Optoelectronics Investigations of Electron Dynamics in 2D-TMD Semiconductor Heterostructure Photocells: From Electron-Hole Pair Multiplication to Phonon Assisted Anti-Stokes Absorption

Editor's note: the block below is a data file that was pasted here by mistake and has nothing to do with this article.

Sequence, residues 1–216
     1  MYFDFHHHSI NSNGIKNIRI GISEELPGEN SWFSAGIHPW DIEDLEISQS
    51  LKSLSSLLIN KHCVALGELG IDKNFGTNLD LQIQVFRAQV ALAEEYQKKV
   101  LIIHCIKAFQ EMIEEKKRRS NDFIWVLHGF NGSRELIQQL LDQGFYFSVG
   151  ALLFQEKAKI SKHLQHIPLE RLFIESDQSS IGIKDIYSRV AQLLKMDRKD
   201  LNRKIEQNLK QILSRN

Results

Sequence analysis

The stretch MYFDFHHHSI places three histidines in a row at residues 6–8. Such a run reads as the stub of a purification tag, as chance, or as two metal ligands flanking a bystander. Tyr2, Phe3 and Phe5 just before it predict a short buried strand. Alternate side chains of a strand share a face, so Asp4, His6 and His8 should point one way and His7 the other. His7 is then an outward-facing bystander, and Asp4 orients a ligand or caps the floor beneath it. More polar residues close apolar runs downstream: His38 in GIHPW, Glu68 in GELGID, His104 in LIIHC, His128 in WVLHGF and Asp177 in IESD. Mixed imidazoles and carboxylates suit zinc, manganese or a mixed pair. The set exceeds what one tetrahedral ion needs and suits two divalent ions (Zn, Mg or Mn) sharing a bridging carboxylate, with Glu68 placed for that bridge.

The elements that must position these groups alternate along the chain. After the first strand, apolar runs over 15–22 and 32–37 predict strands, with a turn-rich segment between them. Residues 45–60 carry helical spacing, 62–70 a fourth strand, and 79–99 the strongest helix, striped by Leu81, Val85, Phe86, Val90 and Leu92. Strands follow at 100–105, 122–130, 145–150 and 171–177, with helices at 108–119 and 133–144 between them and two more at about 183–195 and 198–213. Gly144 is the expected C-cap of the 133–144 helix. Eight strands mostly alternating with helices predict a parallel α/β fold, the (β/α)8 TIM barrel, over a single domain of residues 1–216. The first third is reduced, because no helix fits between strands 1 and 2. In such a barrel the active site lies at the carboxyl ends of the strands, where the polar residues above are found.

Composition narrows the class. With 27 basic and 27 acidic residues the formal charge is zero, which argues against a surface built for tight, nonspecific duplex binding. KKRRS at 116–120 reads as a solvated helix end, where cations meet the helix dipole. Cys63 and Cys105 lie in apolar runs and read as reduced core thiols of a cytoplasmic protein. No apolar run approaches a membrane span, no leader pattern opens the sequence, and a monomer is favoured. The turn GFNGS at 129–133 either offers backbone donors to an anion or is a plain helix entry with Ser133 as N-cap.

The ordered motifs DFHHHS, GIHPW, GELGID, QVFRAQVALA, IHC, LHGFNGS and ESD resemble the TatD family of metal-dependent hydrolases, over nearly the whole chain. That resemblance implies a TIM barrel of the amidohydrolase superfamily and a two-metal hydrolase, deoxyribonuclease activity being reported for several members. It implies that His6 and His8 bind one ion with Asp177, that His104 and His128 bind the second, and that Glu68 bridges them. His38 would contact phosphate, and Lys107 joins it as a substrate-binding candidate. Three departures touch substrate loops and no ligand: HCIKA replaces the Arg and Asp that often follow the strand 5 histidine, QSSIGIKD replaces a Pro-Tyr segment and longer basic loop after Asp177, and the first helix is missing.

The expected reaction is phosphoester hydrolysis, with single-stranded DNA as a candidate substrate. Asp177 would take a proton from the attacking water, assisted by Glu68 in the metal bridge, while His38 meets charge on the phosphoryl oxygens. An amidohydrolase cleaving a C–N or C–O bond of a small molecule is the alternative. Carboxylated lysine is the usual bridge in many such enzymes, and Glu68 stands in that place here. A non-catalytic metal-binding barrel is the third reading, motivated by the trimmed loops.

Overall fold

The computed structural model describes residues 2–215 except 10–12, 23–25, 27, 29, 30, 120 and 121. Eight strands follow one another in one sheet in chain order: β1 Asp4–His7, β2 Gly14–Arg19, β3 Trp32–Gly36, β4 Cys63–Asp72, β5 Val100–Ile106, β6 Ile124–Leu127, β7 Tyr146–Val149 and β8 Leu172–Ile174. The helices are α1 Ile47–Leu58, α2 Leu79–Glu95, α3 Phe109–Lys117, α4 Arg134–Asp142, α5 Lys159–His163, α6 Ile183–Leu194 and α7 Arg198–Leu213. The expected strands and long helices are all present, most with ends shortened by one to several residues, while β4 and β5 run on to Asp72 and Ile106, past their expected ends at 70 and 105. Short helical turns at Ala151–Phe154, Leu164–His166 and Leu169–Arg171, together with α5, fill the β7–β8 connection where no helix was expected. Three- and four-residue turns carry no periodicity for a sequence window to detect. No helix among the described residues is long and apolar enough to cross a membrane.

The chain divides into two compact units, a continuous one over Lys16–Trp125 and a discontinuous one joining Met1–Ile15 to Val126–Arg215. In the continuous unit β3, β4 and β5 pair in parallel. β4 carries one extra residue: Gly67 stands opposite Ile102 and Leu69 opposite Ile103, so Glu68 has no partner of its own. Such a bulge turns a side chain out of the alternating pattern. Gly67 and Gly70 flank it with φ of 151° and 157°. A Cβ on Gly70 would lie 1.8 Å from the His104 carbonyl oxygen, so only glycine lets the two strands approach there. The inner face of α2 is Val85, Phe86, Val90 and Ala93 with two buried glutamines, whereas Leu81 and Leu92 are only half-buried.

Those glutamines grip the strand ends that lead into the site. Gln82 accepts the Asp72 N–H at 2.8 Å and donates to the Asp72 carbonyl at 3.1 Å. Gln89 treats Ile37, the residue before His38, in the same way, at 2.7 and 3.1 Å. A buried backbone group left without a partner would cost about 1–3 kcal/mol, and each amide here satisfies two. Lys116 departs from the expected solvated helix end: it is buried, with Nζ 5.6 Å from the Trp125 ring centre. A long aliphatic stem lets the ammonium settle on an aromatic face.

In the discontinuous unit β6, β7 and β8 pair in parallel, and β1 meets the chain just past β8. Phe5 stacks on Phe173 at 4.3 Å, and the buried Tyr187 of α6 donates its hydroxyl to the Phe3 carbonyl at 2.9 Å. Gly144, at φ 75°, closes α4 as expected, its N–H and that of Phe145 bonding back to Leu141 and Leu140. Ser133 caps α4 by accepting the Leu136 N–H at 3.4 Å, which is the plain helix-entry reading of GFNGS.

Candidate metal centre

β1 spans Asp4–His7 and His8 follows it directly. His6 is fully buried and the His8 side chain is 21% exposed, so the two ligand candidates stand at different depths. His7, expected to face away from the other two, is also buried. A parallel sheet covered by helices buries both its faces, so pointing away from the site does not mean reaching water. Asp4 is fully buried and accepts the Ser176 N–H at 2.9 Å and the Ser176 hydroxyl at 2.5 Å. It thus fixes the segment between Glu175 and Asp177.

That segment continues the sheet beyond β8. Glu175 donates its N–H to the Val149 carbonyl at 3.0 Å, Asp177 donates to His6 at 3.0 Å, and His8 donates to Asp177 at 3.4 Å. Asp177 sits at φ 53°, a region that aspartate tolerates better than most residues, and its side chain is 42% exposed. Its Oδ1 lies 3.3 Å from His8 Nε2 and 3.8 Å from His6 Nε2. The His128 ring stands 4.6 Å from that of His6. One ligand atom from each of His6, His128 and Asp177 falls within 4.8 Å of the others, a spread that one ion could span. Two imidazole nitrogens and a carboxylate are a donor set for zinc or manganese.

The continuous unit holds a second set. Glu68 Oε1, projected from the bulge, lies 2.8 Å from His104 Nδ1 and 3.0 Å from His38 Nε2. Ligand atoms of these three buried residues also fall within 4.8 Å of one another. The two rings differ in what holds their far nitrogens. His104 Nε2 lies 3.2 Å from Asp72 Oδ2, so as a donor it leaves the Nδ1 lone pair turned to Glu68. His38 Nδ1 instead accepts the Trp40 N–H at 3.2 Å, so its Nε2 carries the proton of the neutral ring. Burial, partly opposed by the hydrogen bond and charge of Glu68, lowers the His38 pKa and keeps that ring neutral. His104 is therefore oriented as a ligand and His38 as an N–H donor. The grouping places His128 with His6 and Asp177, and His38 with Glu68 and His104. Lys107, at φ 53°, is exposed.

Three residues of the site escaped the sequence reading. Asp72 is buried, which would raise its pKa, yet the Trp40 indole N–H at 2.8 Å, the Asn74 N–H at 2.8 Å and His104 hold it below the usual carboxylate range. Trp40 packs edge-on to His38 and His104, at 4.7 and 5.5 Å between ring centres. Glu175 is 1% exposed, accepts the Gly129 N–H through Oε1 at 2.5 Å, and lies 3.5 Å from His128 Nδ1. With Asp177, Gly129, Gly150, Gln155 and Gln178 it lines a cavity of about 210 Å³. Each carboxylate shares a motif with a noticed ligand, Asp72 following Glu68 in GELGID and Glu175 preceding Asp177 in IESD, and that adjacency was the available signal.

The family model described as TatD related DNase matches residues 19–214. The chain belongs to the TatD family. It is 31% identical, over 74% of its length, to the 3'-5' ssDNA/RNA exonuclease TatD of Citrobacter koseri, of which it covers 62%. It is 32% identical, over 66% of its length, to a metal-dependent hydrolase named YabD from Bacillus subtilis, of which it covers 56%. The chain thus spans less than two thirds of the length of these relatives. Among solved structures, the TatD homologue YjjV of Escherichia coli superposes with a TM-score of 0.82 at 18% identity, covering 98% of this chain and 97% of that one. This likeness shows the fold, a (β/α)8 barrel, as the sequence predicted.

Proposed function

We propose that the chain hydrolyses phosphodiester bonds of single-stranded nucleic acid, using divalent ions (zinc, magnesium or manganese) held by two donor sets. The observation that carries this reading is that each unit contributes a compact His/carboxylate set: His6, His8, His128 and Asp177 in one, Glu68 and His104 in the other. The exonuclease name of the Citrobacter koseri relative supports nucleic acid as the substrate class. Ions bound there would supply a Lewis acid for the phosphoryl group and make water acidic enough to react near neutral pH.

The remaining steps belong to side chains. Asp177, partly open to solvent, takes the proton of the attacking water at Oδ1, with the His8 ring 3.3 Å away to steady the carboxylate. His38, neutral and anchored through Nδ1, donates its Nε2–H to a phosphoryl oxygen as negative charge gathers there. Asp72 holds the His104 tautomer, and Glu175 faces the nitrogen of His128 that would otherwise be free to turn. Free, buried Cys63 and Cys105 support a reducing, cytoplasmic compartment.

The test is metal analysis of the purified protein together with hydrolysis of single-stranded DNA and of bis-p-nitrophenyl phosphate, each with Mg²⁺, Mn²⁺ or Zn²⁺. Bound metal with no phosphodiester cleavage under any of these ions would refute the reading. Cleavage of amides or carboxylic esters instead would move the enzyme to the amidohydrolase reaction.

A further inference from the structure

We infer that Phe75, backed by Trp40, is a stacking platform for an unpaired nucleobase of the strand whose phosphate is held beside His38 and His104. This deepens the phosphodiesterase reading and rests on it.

Efficient electron-hole (e-h) pair multiplication could lead to highly sensitive photodetectors, electroluminescent emitters, and improved-efficiency photovoltaic devices. In this thesis, using advanced optoelectronic measurements, I discuss the discovery of highly efficient multiplication of interlayer electron-hole pairs at the interface of ultrathin tungsten diselenide / molybdenum diselenide integrated into fieldeffect heterojunction devices. Electronic transport measurements of the interlayer current-voltage characteristics indicate that interlayer electron-hole pairs are generated by hot electron impact excitation at temperatures near T = 300 K. By exploiting this highly efficient interlayer e-h pair multiplication process, we demonstrated near-infrared optoelectronic devices that exhibit 350% enhancement of the optoelectronic responsivity at microwatt power levels. We extend our nderstanding of these materials by conducting spatially and spectrally resolved imaging of the device photoresponse at low temperatures. Under carefully tuned experimental conditions, we observe phonon assisted anti-stokes absorption near the interlayer exciton edge of the van der Waals semiconductor heterostructure composed of tungsten diselenide and molybdenum diselenide. At low photon energies near 1 eV, we observed a strong photocurrent peak with several low energy echoes spaced by 30 meV below the fundamental absorption feature. We attribute this highly unusual absorption to high-harmonic anti-stokes absorption; The alignment of the exciton dipole moment to the atomic displacement of the out-of-plane optical phonon modes gives rise to resonant absorption features akin to vibronic transitions in molecules. The anti-stokes process is the first and most critical step toward laser cooling of atomic layer semiconductors. Moreover, it could enhance the efficiency of next generation photovoltaics, since it converts vibrational energy into electronic excitations using photons with energies that are lower than the band gap.